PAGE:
By far, this is the most challenging combo in the Big Indian Wilderness. You take the Triple Biscuit and add some Eagle and Balsam gravy. You'll likely want to use a car shuttle for this one. Another way to look at this combo is that it's a FirBBiE with a quick out and back to Doubletop in the middle.
The signage in and around the DEC Burnham Hollow parking area is missing and/or misleading so we produced this helpful guide to getting started at Burnham Hollow.
About 17 miles; 4,800' ascent
CrazyCombo™ Spruceton StraightShot
The CrazyCombo™ name is throwback to the days when we hiked as the Rip Van Winkles, but by current standards this is not so crazy anymore. Best hiked as a straight line from Shaft Road to the end of Spruceton Road, getting the bushwhacking portion finished early and ending with a trail hike, it's also routinely hiked in the opposite direction. Under certain conditions a DoubleShot approach may make sense.
About 11.3 miles; 4,200' ascent
There's no longer only one SIX in the Catskills. SIX West is a new one that we've quickly come to enjoy. It's a long challenging day, so you might consider stashing some water at the midpoint around Diamond Notch falls.
About 20.5 miles; 6,950' ascent
Hiking the four peaks on the eastern Devils Path is one of the true pleasures of rugged trail hiking in the Catskills. Best hiked as a traverse with a car shuttle, it can also be tackled as an ambitious DoubleShot or an outrageous out and back hike.
Hiking the Devils Path route precisely as a traverse from the Prediger Road trailhead to the Notch Lake trailhead on Route 214 is the first half of the Devil in a Day challenge.
Experienced Catskill peak baggers come to know that tackling them biggest to smallest (Plateau to Indian Head) is the best recipe for a successful and pleasurable trip. They may even have a few shortcuts up their sleeves to spice thing up a bit.
About 8.8 miles; 3,900' ascent
Kaaterskill High Peak, Roundtop
The addition of Roundtop to the Catskill 35 has added so much variety and interest to the hiking in the Kaaterskill Wild Forest.
Aficionados of the Majestic Roundtop have rediscovered the DEP parking lots on Gillespie Road (Gillespie One and Gillespie Two) and have found relief from the busier scene at the Platte Clove parking lot. So many route options are possible when planning to hike this pair that we'll leave it up to you to find your own favorites.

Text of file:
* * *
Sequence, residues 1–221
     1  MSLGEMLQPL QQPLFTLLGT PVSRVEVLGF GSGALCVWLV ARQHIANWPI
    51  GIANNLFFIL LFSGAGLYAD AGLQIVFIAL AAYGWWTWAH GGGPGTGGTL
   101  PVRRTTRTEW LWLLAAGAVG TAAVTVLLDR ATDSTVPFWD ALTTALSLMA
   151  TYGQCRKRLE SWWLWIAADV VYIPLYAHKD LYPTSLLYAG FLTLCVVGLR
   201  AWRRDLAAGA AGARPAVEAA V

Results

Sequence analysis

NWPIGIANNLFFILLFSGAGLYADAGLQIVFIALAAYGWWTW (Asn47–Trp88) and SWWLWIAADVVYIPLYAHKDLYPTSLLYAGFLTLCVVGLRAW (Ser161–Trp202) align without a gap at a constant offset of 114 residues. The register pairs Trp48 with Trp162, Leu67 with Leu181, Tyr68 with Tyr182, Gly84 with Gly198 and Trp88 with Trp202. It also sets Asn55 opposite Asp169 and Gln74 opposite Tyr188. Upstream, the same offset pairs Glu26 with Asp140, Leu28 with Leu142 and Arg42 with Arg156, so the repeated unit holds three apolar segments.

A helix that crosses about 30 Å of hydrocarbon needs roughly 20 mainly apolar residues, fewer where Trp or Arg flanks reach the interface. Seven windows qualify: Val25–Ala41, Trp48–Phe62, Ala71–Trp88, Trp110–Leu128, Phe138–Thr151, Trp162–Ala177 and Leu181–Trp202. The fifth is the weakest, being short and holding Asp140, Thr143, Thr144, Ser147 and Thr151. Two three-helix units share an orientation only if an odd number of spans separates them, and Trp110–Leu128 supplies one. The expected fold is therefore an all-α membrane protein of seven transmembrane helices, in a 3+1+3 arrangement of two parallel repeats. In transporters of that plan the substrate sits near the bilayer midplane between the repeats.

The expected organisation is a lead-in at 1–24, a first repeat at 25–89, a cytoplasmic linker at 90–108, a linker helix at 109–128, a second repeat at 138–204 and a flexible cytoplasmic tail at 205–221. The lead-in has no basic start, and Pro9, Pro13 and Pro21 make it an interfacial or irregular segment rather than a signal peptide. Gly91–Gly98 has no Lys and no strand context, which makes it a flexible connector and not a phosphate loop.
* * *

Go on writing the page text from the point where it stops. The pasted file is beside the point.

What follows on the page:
About 6 miles; 1,600' ascent
CrazyCombo™ Mink-Gillespie Horseshoe
If you think, as we do, that every cluster of Catskill peaks should have a challenging horseshoe shaped combo, then you'll come to love this one which we think is the most challeging of the bunch. You may tend to agree when you see the elevation profile of the traverse route.
It may even prompt you to consider hiking this combo as a DoubleShot. It's just a DPE4 traverse plus a KHP, Roundtop combo: a pretty full hiking day for sure!
About 17.5 miles; 6,200' ascent
Devils Path Peaks
These are the peaks you'll summit if you hike the full Devils Path Traverse which just happens to be the Catskills entry on the New England Ultra 8 (NEU8) challenge.
If you're not up to that challenge, you could consider hiking this combo as a DoubleShot, saving some mileage.
Distance and elevation? Let us know.
You can hike all four peaks in the Windham-Blackhead Range Wilderness by adding Windham High Peak to the three peaks of the Blackhead Range.
The legacy route would be a horseshoe shaped trail hike between the Barnum Road and Peck Road trailheads. This is a fabulous hike and perhaps the best of the "horseshoes" in the Catskills.
With the addition of some newly acquired DEP parcels, a shorter circular route can be considered. Short bushwhack sections at each end of the hike replace the trail mileage to the traditional trailheads and the circular shaped route avoids the need for a car shuttle, so this route can be hiked solo if necessary.
Many hikers choose to use a DoubleShot approach to hiking this combo which allows you to refresh your water and supplies at your car.
Related Fastest Known Time (FKT) pages: Blackhead Range
About 13.8 miles; 4,350' ascent